elephant dance

Prologue
Following a long week of meetings, you know the kind when you feel you’ve seen more receptions and boardrooms than your own office, I finally caught up with our founder, Daniel Thomas.

I had been thinking about social media and how few businesses, even born in the cloud business, seem to understand how to use it effectively. Dan raised the debate, suggesting it was a deeper issue that showed how little businesses understood customers or how the provision of service fit with demand and real world use.

“I would blog about any vendor that is consciously making an effort to engage with customers,” he said. “I would name and praise them if I could find a vendor that was meaningfully talking to the customer. Real dialogue would help develop and support the MSP and cloud provider market.”

Reversing my typical response I asked Dan, “All right, who is doing something right?” What followed was an 8-year walk through the cloud marketplace – from early growth to rapid maturity. And one name came up more than most and that was IBM. The marketplace is experiencing a lot of change and there is still, as the tech giants battle it out, a lot to play for. As competition increases it is worth taking a minute to share Dan’s unique perspective.

Is the Elephant going to dance again?

In the last eight years I have watched IBM change. This transformation recalls former CEO Louis V. Gerstner’s great book, “Who Says Elephants Can’t Dance?: How I Turned Around IBM”. The book also has one of my favourite quotes ever, “Politicians, I sack politicians.”

When Gerstener took over IBM in 1993 shares had slumped and Big Blue was facing certain collapse. He transformed the company into a major force. Now, following the sale of System X (the Intel Server Division) to Lenovo, the addition of SoftLayer and other important software acquisitions, IBM is shifting again, strategically. The shift is being fuelled by innovation, innovation for the most part in the cloud.

So with these changes, can the elephant dance again? I think so.

Consider the cloud marketplace today. Three names come up time and again: Amazon with AWS, Microsoft’s Azure and, of course, Google. When we think of the cloud, broadly, it is often as an infrastructure for everything we say is cloud. But is it? Cloud computing is an umbrella term that covers a range of services from software to storage, virtualisation, data aggregation and even communications. There is a lot more to the cloud and the market demonstrates this.

One of the biggest growth areas is that of the mid-market. The mid-market is services provided for 1,000 users or less. Yes it sounds small but to get hung up on size undervalues its importance.

The mid-market are the enterprises of the future, the next global success stories. This is also a very influential group. Below the 1,000-user threshold you find early adopters, business optimisers and innovators all using the new cloud-connected tools to improve the processes and productivity that drives business forward.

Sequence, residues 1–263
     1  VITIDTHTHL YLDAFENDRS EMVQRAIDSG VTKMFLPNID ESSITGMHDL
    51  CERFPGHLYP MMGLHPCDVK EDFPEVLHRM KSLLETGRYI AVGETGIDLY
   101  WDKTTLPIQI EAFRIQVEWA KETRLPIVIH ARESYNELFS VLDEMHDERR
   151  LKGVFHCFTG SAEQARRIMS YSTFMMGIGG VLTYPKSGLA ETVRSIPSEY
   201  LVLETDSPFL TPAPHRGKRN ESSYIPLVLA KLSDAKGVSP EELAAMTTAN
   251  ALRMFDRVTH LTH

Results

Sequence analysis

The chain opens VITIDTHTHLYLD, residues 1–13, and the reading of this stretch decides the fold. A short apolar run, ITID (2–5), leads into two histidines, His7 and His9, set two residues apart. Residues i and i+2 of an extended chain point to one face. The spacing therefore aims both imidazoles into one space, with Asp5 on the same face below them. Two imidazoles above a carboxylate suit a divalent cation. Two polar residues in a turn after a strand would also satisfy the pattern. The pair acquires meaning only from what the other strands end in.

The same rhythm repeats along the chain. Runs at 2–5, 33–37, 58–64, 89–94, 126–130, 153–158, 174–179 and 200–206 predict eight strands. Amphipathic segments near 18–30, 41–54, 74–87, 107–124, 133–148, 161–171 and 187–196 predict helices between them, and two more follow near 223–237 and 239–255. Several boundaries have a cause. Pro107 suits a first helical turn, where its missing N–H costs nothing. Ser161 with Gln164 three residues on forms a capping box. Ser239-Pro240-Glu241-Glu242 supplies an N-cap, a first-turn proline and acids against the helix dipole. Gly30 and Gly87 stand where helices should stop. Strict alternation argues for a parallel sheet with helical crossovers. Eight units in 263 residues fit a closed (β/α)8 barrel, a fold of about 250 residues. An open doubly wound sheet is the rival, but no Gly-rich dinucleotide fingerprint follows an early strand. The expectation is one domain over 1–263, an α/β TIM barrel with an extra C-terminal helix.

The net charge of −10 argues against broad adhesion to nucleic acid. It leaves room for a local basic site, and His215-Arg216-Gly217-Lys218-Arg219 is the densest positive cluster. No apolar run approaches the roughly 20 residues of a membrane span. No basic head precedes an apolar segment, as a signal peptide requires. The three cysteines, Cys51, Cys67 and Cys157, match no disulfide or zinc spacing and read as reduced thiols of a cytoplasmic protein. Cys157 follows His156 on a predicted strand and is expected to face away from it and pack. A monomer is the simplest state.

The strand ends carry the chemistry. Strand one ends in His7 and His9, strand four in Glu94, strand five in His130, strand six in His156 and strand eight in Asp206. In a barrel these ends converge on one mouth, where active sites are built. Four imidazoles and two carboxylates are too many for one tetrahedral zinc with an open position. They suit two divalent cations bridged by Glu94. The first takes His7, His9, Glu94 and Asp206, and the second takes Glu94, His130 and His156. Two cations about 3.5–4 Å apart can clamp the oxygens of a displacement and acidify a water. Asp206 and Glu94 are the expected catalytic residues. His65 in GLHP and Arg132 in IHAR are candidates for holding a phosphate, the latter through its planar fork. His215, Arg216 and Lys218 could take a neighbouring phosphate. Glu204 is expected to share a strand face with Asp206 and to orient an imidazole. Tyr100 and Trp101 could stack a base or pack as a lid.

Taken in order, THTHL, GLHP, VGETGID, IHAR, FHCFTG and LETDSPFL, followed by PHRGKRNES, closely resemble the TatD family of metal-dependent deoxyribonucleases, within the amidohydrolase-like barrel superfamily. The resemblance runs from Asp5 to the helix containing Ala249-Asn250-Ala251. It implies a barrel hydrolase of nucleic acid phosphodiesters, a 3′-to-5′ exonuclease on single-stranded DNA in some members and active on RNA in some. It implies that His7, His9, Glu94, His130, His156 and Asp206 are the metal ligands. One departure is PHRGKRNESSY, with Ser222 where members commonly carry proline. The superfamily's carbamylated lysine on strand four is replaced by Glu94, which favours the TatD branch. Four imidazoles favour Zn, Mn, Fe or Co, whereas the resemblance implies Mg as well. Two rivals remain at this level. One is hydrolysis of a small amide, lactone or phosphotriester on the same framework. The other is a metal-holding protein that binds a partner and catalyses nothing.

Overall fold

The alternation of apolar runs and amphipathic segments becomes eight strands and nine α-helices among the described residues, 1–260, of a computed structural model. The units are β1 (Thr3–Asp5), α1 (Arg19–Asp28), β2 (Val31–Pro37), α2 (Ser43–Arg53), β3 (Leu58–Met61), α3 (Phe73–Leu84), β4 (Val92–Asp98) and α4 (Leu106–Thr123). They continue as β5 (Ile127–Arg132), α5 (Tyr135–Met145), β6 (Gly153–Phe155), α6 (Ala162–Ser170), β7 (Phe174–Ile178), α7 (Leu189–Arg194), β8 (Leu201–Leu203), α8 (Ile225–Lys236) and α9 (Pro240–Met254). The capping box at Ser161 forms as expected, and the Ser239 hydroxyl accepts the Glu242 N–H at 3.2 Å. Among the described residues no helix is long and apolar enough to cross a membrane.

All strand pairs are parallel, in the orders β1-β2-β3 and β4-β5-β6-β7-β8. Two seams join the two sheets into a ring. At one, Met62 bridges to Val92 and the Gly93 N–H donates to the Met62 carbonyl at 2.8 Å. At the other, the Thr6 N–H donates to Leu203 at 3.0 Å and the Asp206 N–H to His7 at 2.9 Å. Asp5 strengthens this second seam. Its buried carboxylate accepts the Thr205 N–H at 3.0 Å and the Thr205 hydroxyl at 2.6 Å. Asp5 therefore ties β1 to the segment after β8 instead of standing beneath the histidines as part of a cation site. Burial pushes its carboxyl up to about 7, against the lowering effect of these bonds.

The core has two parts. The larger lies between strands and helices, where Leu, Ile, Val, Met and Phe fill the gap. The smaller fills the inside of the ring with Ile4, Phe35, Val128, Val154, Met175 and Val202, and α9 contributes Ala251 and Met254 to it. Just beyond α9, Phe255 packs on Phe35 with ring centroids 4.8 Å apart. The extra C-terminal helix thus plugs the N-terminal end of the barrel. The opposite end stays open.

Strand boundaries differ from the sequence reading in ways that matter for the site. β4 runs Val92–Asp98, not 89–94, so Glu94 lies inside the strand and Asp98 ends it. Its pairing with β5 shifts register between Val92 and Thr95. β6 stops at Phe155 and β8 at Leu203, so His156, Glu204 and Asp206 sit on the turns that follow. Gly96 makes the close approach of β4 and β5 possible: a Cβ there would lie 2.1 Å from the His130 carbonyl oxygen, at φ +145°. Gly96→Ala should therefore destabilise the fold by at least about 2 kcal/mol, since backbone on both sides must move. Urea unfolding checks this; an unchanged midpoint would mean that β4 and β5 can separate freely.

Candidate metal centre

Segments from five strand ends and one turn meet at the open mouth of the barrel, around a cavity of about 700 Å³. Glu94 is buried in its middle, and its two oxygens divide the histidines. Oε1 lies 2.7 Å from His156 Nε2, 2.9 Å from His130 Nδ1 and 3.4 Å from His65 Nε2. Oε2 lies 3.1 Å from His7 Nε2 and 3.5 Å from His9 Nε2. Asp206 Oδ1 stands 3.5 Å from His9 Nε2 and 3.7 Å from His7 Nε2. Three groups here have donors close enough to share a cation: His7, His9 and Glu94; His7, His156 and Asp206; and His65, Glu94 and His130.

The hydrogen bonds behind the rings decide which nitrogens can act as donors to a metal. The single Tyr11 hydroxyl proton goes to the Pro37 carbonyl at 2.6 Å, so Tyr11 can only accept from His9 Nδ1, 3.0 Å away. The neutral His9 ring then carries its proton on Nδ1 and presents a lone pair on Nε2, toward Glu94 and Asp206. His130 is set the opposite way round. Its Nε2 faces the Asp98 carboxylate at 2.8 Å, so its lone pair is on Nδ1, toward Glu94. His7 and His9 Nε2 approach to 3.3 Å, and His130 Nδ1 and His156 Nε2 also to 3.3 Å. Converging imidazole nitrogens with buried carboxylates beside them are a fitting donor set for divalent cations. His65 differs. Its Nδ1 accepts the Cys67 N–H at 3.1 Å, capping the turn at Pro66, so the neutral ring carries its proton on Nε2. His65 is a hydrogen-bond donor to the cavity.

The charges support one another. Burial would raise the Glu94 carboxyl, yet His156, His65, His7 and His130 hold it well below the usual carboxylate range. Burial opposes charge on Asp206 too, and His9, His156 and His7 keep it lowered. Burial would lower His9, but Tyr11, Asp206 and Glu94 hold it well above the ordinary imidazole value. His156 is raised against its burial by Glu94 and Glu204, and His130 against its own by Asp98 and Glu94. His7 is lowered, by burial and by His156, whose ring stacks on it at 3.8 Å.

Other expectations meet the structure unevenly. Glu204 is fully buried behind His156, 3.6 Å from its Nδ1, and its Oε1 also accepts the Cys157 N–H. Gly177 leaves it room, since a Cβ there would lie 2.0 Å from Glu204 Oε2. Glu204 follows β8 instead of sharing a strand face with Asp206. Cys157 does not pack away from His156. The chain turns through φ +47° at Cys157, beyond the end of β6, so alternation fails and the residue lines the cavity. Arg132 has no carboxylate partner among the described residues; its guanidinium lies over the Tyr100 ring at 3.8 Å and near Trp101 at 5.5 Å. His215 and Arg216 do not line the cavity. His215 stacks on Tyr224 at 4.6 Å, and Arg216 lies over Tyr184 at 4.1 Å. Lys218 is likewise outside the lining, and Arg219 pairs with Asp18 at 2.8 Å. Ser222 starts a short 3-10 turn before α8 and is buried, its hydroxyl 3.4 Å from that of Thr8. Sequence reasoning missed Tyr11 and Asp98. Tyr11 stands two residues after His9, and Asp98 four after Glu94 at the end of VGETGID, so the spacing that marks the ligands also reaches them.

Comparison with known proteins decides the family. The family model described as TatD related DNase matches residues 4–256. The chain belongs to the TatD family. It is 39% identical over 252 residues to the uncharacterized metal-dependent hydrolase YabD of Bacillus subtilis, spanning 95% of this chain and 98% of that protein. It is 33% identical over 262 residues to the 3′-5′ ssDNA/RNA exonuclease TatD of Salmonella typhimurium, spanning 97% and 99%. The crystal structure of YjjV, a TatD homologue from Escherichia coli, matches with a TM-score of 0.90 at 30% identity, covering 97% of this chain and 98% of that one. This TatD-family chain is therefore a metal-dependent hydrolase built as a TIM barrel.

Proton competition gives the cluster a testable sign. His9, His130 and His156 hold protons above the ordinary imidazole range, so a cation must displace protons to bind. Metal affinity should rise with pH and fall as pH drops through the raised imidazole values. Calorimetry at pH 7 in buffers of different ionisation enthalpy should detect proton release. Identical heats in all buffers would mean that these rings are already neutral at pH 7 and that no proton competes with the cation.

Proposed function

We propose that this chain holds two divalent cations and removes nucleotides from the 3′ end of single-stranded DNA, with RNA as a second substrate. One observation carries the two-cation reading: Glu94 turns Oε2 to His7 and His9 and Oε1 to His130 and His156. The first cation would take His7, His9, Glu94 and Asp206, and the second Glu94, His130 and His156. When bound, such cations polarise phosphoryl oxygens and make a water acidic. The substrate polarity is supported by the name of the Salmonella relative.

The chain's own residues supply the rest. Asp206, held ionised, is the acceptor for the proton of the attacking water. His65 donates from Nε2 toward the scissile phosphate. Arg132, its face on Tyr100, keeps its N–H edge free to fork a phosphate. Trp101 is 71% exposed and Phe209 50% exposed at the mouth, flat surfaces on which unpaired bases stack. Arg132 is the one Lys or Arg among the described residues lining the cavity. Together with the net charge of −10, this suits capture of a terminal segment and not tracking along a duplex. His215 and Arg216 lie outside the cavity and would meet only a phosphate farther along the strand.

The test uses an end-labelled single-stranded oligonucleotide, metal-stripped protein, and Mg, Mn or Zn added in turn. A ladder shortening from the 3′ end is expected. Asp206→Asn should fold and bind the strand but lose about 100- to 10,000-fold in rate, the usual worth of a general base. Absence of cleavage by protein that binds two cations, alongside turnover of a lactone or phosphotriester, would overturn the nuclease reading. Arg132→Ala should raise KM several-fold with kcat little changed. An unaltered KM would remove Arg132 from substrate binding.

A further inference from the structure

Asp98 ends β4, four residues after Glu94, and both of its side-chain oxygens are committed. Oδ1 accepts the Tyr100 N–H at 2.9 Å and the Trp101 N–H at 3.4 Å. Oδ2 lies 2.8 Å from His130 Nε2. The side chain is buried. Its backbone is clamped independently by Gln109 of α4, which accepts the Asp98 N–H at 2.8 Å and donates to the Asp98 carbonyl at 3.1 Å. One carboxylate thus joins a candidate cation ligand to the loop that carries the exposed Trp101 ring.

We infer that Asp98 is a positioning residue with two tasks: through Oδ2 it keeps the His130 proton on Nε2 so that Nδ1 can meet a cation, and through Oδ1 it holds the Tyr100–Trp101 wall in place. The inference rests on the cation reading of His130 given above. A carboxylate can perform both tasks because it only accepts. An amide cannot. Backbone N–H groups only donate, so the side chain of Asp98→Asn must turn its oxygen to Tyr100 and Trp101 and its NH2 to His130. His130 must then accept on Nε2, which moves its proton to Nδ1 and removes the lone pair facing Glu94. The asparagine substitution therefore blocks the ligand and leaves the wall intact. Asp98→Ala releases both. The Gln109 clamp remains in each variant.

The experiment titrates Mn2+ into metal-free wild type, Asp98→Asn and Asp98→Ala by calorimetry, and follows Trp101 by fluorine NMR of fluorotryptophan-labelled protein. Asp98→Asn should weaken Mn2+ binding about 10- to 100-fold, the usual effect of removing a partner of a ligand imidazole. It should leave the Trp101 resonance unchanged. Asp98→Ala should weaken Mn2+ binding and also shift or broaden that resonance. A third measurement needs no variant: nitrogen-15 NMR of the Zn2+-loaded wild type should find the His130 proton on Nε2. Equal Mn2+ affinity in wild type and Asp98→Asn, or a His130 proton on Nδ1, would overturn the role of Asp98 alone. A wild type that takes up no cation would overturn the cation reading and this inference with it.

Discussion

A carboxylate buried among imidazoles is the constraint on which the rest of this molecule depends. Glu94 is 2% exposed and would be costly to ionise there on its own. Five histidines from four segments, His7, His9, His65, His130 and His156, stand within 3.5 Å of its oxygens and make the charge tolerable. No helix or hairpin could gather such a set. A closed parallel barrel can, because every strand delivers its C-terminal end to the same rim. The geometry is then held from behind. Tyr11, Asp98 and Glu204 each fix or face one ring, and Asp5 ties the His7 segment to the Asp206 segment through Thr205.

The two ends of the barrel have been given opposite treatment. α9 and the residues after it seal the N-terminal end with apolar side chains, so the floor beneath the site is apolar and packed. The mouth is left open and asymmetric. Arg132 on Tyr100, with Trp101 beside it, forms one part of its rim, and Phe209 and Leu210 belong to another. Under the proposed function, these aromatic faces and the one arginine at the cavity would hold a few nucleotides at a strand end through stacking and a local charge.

While IBM as a brand is huge, as those in marketing reading this will certainly agree, they are helping businesses innovate; and are doing so on a one-to-one basis. Just tweet @simonlporter and @davidjkay – beneath the headlines you’ll find a pair of IBMers with a passion for all things cloud. The cloud is a very social platform and you’ll find, as I did, that good advice is often only 140 characters away.

With big names brand association is important, and hard not to ignore. Brand instils confidence and develops trust. But the service delivered is important. The longevity of a tech giant counts for little if the services don’t fit and are too expensive. Everyone wants continuity, especially in the fast moving world of IT, but businesses must justify the expenditure. Value for money used to imply higher prices but that assumption no longer holds true. You shouldn’t be surprised to find IBM’s pricing is reasonable – the cloud is a great leveller.

The mid-market may not spend big but their ambitions are no less than those large enterprises the tech giants serve. Being small does not exclude thinking big. And being big doesn’t mean sticking the mid-market with a ‘one-size-fits’ set of services. Business development today is about partnering small.

Looking over their shoulders Amazon, Microsoft and Google have made important acquisitions. But as they war with storage and productivity suites innovation is introducing competition. IBM’s introduction of Watson Analytics is proof.

Bringing Big Data to businesses Watson Analytics is a natural language-based cloud application that provides powerful, predictive and visual analytic tools for businesses. Users need only to ask questions to get results in terms familiar to their business. Patterns, relationships are visualised.

But Watson Analytics isn’t all that Big Blue has been working on. Look at the recently announced partnership with Apple. Both companies stand to change the enterprise market in ways no one has really witnessed.

Coming soon will be a new class of industry-specific enterprise solutions developed for the iPhone and iPad. Better still will be IBM cloud services optimised for iOS, including device management, security, analytics and mobile integration. IBM has been making it easier to leverage the cloud.

Working with service providers, MSPs and ISVs within traditional IT distribution channels IBM is creating new tools and applications with greater cloud integration. These tools are helping the mid-market. As IBM refines its relationships, just as it has reinvented itself over the years, this big company is becoming more relevant to smaller businesses.

My belief is that the elephant is just mid-Viennese Waltz. IBM is catching its breath while getting ready to really boogie.

Originally published 18 September 2014, 10:00 GMT